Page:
Authored by RSM LLP
The federal government’s System for Award Management (SAM), or SAM.gov, is the official website that serves as the central repository for contractor credentials, federal procurement systems and other federal programs. Registered users can view publicly available award data. More importantly, entities with an active registration are eligible to apply for federal assistance and submit offers for federal contracts.
A recent court case reminded contractors of how important it is to stay on top of SAM registration. The U.S. Court of Federal Claims granted a preliminary injunction and ordered a stay of performance on a contract until the bid protest was resolved in the case of Myriddian, LLC v. United States (No. 23-443, May 23, 2023). Myriddian protested the award of a Health and Human Services Department contract to Cloud Harbor Economics, arguing that Cloud Harbor became ineligible because it failed to comply with the SAM registration requirement provided under Federal Acquisitions Regulation (FAR) 52.204-7. Cloud Harbor’s SAM registration lapsed for 17 days between the due date to submit its contract offer and the date it received the award.
Government contracting officers often rely on SAM data. To ensure information in the database is as accurate as possible, federal contractors are required to renew their registration annually. An entity’s active status is valid for 365 days, starting from the date of registration. Renewals are not automatic, but updates in SAM.gov during the year will reset the clock for the renewal period.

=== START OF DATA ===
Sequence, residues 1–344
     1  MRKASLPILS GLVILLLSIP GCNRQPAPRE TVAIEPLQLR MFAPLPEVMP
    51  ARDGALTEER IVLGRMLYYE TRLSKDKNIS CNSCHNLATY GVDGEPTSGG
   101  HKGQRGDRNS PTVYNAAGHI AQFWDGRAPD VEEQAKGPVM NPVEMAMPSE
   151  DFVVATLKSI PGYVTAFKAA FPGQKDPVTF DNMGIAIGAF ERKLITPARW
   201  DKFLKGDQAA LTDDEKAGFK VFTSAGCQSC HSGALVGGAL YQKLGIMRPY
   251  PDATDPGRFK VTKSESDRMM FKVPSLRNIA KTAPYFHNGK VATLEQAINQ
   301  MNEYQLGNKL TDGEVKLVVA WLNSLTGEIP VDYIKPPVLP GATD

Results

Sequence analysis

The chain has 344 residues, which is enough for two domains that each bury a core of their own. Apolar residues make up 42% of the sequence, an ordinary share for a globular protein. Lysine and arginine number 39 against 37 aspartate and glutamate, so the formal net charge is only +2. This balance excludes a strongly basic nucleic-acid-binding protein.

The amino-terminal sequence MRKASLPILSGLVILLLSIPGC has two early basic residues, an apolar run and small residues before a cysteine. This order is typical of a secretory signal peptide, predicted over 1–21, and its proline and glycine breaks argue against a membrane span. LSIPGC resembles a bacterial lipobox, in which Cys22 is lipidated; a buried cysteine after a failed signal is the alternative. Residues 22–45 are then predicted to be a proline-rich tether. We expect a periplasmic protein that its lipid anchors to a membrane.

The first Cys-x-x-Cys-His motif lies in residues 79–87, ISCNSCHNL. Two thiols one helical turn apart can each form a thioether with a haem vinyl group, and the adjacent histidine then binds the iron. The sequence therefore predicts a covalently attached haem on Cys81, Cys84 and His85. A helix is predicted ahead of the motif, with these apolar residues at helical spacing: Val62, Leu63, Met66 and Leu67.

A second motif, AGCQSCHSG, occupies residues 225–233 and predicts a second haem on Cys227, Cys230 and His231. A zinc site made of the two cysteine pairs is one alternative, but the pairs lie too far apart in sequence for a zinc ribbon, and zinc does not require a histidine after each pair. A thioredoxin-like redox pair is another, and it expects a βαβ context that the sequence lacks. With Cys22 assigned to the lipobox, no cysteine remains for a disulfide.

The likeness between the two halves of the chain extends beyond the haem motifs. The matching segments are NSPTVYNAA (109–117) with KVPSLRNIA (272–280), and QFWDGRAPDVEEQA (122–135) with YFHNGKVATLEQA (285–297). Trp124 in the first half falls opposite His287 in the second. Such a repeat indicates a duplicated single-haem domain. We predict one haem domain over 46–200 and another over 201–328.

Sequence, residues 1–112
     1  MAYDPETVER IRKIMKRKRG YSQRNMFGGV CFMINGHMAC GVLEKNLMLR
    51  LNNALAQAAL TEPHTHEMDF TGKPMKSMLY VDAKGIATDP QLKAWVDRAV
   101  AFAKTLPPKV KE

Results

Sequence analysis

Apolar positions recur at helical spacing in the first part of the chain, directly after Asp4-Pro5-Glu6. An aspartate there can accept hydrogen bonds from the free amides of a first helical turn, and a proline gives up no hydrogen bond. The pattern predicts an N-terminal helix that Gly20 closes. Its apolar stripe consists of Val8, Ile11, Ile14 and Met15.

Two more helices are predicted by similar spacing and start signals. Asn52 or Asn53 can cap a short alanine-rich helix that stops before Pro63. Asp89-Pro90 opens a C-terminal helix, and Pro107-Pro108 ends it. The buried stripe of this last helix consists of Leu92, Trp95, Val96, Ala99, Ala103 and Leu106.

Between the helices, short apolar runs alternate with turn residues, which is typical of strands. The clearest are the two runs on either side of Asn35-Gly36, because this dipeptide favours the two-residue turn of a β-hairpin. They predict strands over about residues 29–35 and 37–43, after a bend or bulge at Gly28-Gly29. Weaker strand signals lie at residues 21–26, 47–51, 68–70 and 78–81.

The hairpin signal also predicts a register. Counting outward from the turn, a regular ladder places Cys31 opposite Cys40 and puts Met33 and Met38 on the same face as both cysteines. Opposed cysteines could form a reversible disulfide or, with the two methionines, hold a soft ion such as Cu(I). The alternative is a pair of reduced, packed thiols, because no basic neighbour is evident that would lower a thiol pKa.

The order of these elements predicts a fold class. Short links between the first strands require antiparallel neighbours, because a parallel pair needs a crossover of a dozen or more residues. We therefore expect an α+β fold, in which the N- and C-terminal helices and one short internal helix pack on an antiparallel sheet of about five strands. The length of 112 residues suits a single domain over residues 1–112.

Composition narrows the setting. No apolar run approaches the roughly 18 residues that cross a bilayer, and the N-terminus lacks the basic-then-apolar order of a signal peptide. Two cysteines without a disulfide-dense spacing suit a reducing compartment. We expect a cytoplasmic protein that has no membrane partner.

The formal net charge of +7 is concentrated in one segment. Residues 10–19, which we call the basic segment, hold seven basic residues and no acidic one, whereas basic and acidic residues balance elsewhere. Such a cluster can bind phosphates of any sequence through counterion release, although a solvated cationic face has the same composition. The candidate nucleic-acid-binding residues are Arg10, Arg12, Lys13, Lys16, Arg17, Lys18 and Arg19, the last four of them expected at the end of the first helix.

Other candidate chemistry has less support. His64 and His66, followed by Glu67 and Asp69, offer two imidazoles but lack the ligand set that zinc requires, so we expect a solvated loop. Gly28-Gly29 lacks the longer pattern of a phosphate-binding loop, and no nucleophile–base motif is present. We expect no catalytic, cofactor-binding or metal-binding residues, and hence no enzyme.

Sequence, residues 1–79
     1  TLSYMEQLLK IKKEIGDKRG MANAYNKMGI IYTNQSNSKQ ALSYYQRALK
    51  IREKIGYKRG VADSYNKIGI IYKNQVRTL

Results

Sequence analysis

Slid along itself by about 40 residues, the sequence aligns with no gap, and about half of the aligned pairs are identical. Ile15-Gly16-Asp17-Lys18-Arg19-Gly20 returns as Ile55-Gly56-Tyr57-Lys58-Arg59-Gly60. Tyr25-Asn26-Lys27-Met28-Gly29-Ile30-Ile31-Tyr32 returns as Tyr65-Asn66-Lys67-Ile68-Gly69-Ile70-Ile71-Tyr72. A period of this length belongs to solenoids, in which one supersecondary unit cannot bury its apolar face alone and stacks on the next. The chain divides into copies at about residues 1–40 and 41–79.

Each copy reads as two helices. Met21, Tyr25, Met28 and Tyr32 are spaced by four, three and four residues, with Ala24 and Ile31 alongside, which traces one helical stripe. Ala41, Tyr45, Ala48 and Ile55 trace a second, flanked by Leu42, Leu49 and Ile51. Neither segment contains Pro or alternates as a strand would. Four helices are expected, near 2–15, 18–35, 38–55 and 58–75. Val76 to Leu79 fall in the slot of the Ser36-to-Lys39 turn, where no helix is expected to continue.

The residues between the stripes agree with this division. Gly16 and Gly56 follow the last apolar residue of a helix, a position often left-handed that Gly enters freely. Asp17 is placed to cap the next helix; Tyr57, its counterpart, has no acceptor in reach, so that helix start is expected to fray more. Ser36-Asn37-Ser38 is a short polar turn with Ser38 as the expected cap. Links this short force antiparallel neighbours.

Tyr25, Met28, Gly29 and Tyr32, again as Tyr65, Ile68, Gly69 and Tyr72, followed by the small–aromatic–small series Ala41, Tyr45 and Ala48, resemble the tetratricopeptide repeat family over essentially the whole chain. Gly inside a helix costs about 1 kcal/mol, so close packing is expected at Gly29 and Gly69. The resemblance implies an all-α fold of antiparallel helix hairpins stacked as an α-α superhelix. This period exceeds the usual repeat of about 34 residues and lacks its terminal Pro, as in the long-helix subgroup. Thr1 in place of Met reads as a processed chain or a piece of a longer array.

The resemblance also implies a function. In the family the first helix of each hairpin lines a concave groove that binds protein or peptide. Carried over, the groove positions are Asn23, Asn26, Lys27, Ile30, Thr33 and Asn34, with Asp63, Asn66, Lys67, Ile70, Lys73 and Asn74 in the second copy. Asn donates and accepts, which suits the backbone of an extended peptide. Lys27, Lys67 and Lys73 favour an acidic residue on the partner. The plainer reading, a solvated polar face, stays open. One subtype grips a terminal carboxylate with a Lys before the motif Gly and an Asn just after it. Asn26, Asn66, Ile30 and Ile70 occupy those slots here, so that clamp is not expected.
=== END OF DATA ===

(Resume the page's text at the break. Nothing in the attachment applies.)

When entering into contractual agreements with the government, it is imperative to know which regulatory clauses apply and what actions are required to remain compliant. Some clauses, like FAR 52.204-7(b), are easily overlooked. The extent of this clause goes far beyond requiring contractors to be registered in SAM and have an active status at the time they submit an offer. It also requires their SAM registration to remain active at the time of the award, for the duration of contract performance, and through the final payment resulting from the solicitation. Therefore, maintaining active status on SAM.gov is vital to the procurement life cycle.
There are multiple consequences if an entity fails to maintain its registration. Once an entity is marked inactive, it can no longer place bids or receive contract awards from federal agencies. Should a contractor’s active registration lapse for any moment between the time of offer and contract award, that offeror may become ineligible. This is what happened in the Myriddian case.
If a contractor’s SAM profile expires during contract performance, the government is no longer authorized to work with that contractor. This hinders the organization’s ability to compete for new awards, contract performance, profit margin and relationship with its vendors.
Typically, contractors are notified by email when their SAM registration is approaching expiration. Renewing SAM registration is a manual process. System administrators can expect to spend a considerable amount of time confirming that the data is current, accurate and complete. Renewing can be a tedious, multistep process, involving multiple parties. Based on our extensive experience assisting customers with their SAM registrations, we believe that changes ownership, the entity’s name, physical location and administrator roles are among the factors that increase the complexity of the renewal process.
SAM.gov is always evolving, and its processes and requirements are frequently updated. We strongly recommend that federal contractors renew their SAM registration at least two months prior to the expiration date and stay current on recent and upcoming changes to the site to avoid unexpected delays.
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This article was written by Luis Avila, Shayla Ferguson and originally appeared on 2023-07-21.
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